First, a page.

When human evolution and technology collide, billions of us become experimental subjects. The results include new behaviors, new diseases, and new versions of old disorders. So prepare now for the future—the new world of electronic insomnia.
Health & Wellness
Perhaps it’s the effect of a crashed economy, soaring gas prices, upheaval in the Middle East, blown up nuclear reactors or Charlie Sheen, but people are waking up a lot these days in the middle of the night. Frequently they can’t fall back to sleep.
One way to control your weight is to see food as information: a series of messages given to the body. You want to give your body the right kinds of directions for the food you eat, directions that will change how you look and feel—and how much you weigh.
What we do is what we become. The Net is changing our brains and our bodies, and we better understand what shifts will occur. Then we can make the changes we want, and make them work for us.
Many people live their lives in a double mirror. One reflects their live on the Internet; the other reflects their real life. When they compare the two images, they realize they are not the same. Which image they become more attached to may prove key.
Part II: Body clocks affect everything you do. Ask shift workers—a group with higher cardiovascular mortality and higher cancer rates. The Internet is rapidly turning much of the population into biological shiftworkers—and they’re willingly going along.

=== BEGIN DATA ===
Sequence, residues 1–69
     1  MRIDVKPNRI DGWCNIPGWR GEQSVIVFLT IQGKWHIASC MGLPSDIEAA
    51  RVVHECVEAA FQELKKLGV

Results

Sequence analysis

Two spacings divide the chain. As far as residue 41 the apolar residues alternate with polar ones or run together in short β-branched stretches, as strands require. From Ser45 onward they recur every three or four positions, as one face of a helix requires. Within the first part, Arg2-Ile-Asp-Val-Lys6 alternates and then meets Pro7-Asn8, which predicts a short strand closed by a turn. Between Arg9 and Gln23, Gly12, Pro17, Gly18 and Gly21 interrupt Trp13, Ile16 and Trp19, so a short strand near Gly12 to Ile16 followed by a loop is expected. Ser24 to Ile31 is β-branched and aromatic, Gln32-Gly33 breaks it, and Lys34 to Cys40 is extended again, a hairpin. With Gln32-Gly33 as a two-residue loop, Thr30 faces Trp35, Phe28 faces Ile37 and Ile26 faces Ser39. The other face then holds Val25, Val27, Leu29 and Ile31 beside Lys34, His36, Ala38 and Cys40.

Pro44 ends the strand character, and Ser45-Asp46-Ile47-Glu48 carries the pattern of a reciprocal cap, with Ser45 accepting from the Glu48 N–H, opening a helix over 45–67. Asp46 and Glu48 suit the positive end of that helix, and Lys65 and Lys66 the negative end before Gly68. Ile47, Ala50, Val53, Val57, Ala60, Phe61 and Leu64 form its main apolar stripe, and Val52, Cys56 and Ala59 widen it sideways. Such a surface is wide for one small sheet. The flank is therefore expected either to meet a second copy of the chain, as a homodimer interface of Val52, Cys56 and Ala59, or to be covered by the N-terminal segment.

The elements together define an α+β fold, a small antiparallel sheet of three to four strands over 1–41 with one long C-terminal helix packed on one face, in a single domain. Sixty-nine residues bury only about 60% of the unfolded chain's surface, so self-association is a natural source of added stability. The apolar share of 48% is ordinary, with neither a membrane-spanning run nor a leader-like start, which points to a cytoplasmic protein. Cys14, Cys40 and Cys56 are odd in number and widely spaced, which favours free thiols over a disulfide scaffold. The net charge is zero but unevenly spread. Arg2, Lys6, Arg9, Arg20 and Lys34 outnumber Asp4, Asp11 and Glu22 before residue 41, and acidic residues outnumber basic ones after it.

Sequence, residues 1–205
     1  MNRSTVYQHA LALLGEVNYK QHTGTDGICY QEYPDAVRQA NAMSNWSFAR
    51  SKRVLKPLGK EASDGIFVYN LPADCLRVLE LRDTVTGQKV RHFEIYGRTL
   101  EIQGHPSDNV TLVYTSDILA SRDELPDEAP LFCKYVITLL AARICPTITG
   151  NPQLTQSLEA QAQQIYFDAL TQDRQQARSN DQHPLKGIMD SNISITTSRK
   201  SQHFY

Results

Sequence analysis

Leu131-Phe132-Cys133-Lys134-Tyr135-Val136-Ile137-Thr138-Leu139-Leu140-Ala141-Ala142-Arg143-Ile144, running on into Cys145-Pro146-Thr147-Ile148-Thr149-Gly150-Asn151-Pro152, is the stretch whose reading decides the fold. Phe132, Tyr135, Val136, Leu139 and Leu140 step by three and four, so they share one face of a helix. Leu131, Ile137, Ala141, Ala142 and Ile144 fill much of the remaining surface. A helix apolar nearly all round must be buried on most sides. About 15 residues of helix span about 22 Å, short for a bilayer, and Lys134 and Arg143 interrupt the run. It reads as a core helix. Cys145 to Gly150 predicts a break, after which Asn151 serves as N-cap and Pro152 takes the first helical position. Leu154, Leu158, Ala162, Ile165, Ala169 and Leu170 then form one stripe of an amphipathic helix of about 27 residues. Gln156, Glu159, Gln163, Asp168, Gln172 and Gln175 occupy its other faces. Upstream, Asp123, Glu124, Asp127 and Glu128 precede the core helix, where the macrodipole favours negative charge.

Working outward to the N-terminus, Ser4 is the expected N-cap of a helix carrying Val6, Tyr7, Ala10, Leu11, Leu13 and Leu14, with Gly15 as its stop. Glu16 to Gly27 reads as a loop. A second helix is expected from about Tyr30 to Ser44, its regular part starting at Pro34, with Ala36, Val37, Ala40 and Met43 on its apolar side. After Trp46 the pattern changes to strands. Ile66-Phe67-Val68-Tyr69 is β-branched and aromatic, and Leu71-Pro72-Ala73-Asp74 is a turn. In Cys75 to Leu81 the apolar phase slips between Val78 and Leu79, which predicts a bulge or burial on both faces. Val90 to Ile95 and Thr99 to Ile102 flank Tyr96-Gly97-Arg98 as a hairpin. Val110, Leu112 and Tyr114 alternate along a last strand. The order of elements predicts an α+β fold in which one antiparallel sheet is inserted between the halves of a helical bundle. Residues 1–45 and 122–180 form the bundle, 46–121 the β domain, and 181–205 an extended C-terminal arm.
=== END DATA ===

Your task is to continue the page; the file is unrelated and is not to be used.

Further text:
Part I: As most of our bodies are replaced in a matter of days to weeks, what we do is what we become. How we live changes not just our gene expression but how we, look, think, and move; it also resets how we rebuild and renew ourselves.
In a world of increasing pharmaceutical prices, some drugs are cheap. One is light. Whether in the form of sunlight or artificial light, light can be used to treat a large variety of ills, including Alzheimer's disease.
Rest is healthy for people. We sleep for a reason. Rest allows us to revive and rebuild our tissues. Rest restores us. Napping can have many healthy results, depending on why you want to nap; time of day; and the nature of one’s work.
Daylight Savings Time happens like clockwork every year. The body clock change of merely one hour, compared with a six-hour flight to Europe, makes people feel uneasy, skittish, unhappy, unmotivated, and fatigued. How come?